In the Anglo-Saxon poems of “The Seafarer” and “The Wanderer,” similar motifs, or recurring ideas, appear frequently throughout the works. Motifs such as fate, journey and exile are discovered in these poems.
During this time in the Anglo-Saxon period, people did not believe in God, they believed in fate. So in correlation with fate, “The Seafarer” states, “But there isn’t a man on earth so proud,/So born to greatness, so bold with his youth,/Grown so brave, or so graced by God,/That he feels no fear as the sails unfurl…”(39-43). This excerpt from the poem explains how the sailor was wondering what fate had willed and would do. In the poem “The Wanderer,” the idea of fate appears in the text, “…Man is fleeting, maid is fleeting,/All the foundation of earth shall fail!...”(101-102). In this piece fate is apparent because the wanderer tries to explain that the fate of the earth is that it will end; men, women, wealth, and friends will expire.
Throughout both of the poems, the idea of journey is reoccurring. In “The Seafarer,” journey is evident when it states, “The time for journeys would come and my soul/Called eagerly out, sent me over/The horizon, seeking foreigners’ homes.” In “The Wanderer,” journey is seen when the poem states, “…And I sailed away with sorrowful heart,/Over wintry seas, seeking a gold-lord…” (22-23). This shows journey because it explains how the wanderer went through an obstacle to seek for the objective.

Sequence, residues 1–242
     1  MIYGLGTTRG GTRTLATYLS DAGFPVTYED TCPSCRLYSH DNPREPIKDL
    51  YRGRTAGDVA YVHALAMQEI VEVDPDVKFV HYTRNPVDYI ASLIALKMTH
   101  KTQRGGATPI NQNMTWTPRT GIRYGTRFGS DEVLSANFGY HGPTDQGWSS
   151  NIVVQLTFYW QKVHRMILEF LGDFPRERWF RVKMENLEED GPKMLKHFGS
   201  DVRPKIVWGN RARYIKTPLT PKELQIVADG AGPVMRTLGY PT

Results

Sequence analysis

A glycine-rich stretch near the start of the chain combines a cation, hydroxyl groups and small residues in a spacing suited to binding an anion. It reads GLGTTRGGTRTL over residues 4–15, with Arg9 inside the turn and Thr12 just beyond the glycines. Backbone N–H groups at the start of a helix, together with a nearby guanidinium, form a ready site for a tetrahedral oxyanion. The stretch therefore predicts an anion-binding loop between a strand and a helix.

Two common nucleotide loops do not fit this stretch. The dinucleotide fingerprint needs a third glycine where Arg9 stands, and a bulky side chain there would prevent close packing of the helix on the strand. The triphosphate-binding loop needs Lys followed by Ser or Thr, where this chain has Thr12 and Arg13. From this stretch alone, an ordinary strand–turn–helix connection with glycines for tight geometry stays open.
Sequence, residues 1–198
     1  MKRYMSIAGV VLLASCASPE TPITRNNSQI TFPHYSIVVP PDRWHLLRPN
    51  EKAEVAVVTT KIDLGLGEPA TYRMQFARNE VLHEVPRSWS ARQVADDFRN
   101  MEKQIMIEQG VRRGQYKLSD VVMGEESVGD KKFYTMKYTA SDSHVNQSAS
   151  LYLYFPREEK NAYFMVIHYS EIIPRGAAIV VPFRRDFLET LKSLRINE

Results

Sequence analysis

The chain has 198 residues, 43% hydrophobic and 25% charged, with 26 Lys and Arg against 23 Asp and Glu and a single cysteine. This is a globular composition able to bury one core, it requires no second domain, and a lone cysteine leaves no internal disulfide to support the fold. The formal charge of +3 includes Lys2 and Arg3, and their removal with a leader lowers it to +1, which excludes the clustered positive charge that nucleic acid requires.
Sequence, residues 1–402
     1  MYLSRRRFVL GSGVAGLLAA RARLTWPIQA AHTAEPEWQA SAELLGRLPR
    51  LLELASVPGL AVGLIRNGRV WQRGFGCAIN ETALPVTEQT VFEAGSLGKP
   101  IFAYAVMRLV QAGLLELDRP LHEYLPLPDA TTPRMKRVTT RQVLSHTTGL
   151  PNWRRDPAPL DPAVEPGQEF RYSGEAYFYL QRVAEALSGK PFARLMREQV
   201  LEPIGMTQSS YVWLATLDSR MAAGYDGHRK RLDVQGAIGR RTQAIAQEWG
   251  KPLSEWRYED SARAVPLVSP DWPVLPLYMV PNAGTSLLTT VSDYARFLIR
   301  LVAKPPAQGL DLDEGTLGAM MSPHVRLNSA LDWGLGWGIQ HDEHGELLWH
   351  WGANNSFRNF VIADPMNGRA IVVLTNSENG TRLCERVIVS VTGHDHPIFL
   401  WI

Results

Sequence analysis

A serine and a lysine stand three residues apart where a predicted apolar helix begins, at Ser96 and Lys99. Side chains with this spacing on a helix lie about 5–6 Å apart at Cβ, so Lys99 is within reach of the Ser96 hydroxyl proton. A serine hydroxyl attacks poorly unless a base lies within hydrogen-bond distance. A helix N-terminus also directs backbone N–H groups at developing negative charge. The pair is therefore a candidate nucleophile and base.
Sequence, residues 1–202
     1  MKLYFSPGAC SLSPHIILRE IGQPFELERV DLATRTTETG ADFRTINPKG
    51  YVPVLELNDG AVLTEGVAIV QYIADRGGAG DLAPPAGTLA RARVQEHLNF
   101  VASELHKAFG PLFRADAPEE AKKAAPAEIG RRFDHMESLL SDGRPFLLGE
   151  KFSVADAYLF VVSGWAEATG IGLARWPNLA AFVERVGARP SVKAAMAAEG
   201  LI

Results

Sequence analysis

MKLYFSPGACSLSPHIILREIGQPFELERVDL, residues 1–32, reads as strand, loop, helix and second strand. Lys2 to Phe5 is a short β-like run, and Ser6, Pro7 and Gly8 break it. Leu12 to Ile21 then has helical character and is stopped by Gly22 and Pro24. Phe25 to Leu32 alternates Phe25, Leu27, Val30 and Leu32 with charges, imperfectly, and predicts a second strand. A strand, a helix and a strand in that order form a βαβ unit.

Finally, exile is another motif found in both of the poems. “The Seafarer” shows exile when explain how the sailor has left land to be at one with himself out in the ocean. The sailor believed that man and the land had changed drastically, causing him to exile himself from everyone. A short example of exile in this poem includes, “The freezing waves. The song of the swan/Might serve for pleasure, the cry of the sea-fowl,/The death-noise of birds instead of laughter,/The mewing of gulls instead of mead.”(19-22 because the sailor was alone, exiled from everyone. Exile was a motif in “the Wanderer” because in the text it states, “…when friends are no more. His fortune is exile… ”(28), explaining his loneliness. He exiled himself because everyone was unfriendly to him between the two tribes politically.
So in the end, fate, journey, and exile are motifs that appeared in both “The Seafarer” and “The Wanderer,” two poems recovered from the Anglo-Saxon period.